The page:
This article originally appeared on the BeyeNETWORK.
I have always been interested in the concept of:
It can be applied to many things. Some climbers of Mount Everest in 2006 would have benefited from the 1996 lessons of Into Thin Air. NASA could have learned from their own history before the Apollo I, Challenger and Columbia missions. Telecom service providers should take a look at recent events and see what lessons they could learn.
Ripped from the Headlines…
Over the past couple of months, two issues have captured the particular interest of politicians and the media. While one closely relates to the telecom industry, the other provides more of a cautionary tale. The first issue is National Security Agency’s (NSA) reported work to collect call detail records for data mining purposes. The second issue is the disappearance of the personal “identity” information for approximately 26.5 million people associated with the Veterans Administration (VA) via a stolen laptop.
In the current political atmosphere and public relations climate in the United States, these two current events have raised many interesting questions:
- Where do we draw the line in terms what data should be used and for what purposes?
- Who should have access to sensitive data, in particular personal “identity” information, and how should that data be handled?
“…the processes, tools, and technologies for turning data into information, and information into knowledge, and plans that lead to positive actions for the organization.”
For telecom service providers, this means the distillation of billions of call detail records and associated subscription information to determine, among other things:
- Who are valuable customers?
- What offerings can give us a competitive advantage?
- Which products are customers buying?
- Which customers use which services?
To marketing and finance organizations, these are interesting and lucrative questions that can impact the top and bottom lines of the balance sheet. They are also the main reason for the existence of the business intelligence organization. For the most part, the business intelligence organizations have performed their tasks using the data supplied by their customer stakeholders.
However, with the examples above, has much thought been put into how and how much of the information from the call and subscriber data should be used? The following are two interesting comparisons:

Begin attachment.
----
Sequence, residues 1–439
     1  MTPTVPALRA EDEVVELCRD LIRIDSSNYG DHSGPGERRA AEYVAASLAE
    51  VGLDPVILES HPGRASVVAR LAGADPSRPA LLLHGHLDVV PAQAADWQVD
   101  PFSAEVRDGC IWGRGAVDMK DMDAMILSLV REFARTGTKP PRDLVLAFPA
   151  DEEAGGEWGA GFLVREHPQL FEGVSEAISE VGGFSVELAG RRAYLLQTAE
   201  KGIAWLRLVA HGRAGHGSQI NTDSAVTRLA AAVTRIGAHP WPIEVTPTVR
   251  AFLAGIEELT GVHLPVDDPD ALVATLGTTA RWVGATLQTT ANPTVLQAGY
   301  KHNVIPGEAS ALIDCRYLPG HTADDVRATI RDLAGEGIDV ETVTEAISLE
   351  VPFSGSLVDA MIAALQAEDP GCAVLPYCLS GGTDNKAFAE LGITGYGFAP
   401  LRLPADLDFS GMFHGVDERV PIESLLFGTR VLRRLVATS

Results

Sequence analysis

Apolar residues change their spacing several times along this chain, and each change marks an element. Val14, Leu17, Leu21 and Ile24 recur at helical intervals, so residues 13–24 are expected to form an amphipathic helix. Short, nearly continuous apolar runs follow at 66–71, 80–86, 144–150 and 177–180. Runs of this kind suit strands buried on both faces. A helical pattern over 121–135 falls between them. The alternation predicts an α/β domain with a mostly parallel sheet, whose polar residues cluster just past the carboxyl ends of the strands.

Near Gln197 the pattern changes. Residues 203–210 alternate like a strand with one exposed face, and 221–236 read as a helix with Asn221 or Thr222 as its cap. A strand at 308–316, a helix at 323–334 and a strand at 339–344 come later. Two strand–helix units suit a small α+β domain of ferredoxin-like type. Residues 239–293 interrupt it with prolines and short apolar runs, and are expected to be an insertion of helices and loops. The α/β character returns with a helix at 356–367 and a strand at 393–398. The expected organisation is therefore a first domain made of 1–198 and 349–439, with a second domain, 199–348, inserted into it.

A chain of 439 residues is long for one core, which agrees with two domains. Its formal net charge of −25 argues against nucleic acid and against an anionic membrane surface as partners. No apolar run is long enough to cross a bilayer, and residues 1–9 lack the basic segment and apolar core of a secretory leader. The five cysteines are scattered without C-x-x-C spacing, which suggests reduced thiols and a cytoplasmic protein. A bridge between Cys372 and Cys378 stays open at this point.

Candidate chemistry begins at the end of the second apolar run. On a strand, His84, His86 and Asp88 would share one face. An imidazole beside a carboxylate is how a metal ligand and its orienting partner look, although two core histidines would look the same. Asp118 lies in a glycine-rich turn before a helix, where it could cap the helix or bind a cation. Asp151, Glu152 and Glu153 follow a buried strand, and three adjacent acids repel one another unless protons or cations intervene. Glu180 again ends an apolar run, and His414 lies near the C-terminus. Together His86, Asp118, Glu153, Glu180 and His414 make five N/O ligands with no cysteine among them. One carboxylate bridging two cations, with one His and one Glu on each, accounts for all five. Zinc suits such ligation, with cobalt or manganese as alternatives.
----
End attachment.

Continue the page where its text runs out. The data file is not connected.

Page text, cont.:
Car 54, Where Are You?
Anyone who has seen Mission: Impossible III knows how valuable it can be to locate where a wireless call originated (hopefully I’m not ruining the plot for anyone….). In advance of, and unassociated with, the film, Sprint Nextel launched a new service that “stole” some of MI-III’s thunder. This service allows parents to keep tabs on their children via a GPS-based service. This month Verizon Wireless is capitalizing by starting a similar service. For some of my friends with kids, this is an interesting concept. Is little Suzie at softball practice or the mall? Has little Jimmy strayed too far from the neighborhood? Peace of mind for the parents for sure, but maybe not so much for little Jimmy (particularly if his senior class prank involves crossing a “magical” geographic line….).
In a slightly different twist to the same use of data, a recent article talks about how the NSA could be using similar information associated with call detail records to track the location and movements of people around the United States. This situation raised the ire of politicians and pundits alike. On a “conceptual” level, it has raised civil liberties issues and privacy concerns about how information associated with wireless calls can and should be used. On a regulatory level, senators and congressmen started asking questions about the current, and possibly future, legal boundaries of this behavior:
- Does the data belong to the person who made the call?
- Does the data belong to the provider?
- Can either expect a level of privacy regarding that data if the police, FBI or the Justice Department comes calling?
Right Where I Put It, I Think…
Over the past couple of years, the loss of application data through backup tapes has become somewhat commonplace. In 2005, Marriott “misplaced” archive tapes containing credit card account information and identity information of about 206,000 time-share customers. Also in 2005, Bank of America lost data tapes with federal employee credit card information. This time, the data associated with 1.2 million people was lost. Both of these events had relatively low profiles due to the financial nature of the data and what may now be considered the relatively low number of “identities” involved.